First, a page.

What’s it about? As director of creative development Rasmus Hojengaard opens the floor for questions after introducing Crysis 3 he could probably have predicted the first volley: ‘How will the shooter look on PC versus console?’ ‘How has CryEngine 3 evolved?’ ‘How does it measure up to DICE’s Frostbite 2.0?’
I wonder if deep down he’s happy that the debate over those undoubtedly lush visuals swamps other aspects of the game, or if he would rather the assembled press asked how the new bow weapon changes up the flow of hostile encounters, or how the sandbox approach to tactics means you can, in theory at least, play through the game utilising entirely different tactics?
One thing’s for sure, only the merest of lip service is paid to Crysis 3’s plot, an element of Crytek’s tactical shooter which has seemingly become little more than a device by which excuses are made to integrate aliens, high-tech devices and rainforest-engulfed cities all into the same game.
Hojengaard almost admits as much, telling us that the New York’s ‘urban rainforest’ setting was designed more to give players (and developers) something to look at, mouth agape, than it was to further the plot. Critics might point out that it also handily meant that old stages could be recycled – albeit with added green hues – though as Hojengaard points out the return to New York does at least highlight the devastation those same areas have suffered in the intervening years; this third outing set in 2047, some 24 years later.
There is a reason of course for the extra vegetation – something to do with the nefarious CELL corporation encouraging such tree growth by erecting huge nanodromes over the world’s cities, all with the goal of battling back the expanding Ceph alien race. To be fair I wasn’t paying much attention either, content to sit and stare at the pretty images on the big screen; at least during this small (and impressive) dose.
Hojengaard explains how a rejuvenated Prophet (who returns sporting a now Ceph-infected nanosuit) will explore the seven wonders of the rainforest as he progresses through the game. Why seven? Because Crytek’s team identified seven characteristics – from densely vegetated environments, to mountains and lakes – before deciding each would make a splendid centrepiece to showcase Crysis’ rather explosive shoot-outs, and what tools you have at your disposal for just that.
It seems Crytek must have been somewhat underwhelmed by the collection of weapons handed to the player previously, for Prophet suddenly has whole repertoires of brand new armaments up his sleeves. The aforementioned bow is no ordinary tool, but rather rapid-firing launcher of electro and explosive arrows amongst others.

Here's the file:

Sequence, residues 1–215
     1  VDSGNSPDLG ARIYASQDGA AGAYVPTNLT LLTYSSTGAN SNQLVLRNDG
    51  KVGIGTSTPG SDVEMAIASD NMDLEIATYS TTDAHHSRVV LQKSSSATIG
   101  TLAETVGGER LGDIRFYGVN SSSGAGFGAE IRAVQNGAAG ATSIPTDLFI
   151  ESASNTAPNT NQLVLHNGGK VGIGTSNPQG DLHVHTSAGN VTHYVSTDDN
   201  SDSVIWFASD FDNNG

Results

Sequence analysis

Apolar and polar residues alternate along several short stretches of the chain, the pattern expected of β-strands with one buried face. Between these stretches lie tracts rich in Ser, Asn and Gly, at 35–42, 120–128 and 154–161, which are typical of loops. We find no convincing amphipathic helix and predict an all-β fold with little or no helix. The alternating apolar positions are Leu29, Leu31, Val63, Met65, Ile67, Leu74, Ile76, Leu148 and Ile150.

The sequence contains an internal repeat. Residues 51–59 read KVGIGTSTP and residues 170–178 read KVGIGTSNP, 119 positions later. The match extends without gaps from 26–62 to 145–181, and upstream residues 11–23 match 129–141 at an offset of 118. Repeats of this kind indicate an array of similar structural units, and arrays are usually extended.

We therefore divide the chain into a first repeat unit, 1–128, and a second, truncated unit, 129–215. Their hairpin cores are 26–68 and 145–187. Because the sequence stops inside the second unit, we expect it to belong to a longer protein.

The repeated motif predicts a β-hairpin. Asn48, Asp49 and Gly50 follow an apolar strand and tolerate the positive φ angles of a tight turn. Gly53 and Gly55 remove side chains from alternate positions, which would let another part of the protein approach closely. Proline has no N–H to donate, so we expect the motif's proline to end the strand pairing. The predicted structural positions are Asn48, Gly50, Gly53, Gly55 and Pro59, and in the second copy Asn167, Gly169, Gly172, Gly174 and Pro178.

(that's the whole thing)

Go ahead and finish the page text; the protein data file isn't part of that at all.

Then there’s the chance for Prophet to make use of Ceph weaponry, his modified and infected suit now capable of interfacing with the alien’s devices and so giving him access to plasma guns and similarly explosives armaments. Even the usual array of human-made guns have been overhauled, the Typhoon Metalstorm rifle firing a staggering 500 rounds per second for example.
In gameplay terms such fire power is being described as Prophet’s transition from ‘hunted to hunter’ as the tables are turned on CELL and Ceph alike. That said, the footage I was privy too didn’t quite capture such a shift in approach.
Sure, Prophet’s suit makes him formidable – an unsuspecting soldier being smashed across the dome by a right hook for example – but that didn’t mean he was able to emerge from the shadows all together, with Ceph scorcher tanks sending him cowering into cover for example.
Thankfully Prophet’s nanosuit comes with improved bells and whistles beyond the usual cloak and strength enhancements. For example, remote hacking – which appeared not unlike that seen in EA’s recently released Syndicate – allows him to commandeer automated guns and so turn the tide while sowing confusion amongst enemy ranks.
Worth the wait? For the visual wizardry alone Crysis 3 is surely worth a look – the juxtaposition of concrete and floral jungles providing a stunning backdrop on which to do battle. No doubt those who like to obsess over such qualities will point to the PS3 and Xbox 360 potentially holding back the PC version, as they did with Crysis 2. Concerns do however remain with regards to Crytek painting a flowing storyline as engrossing as those graphics, for even the prettiest of diversions requires a little substance if it’s to command the attention for the long term.
For: PS3, Xbox 360, PC
When? Q1/Q2 2013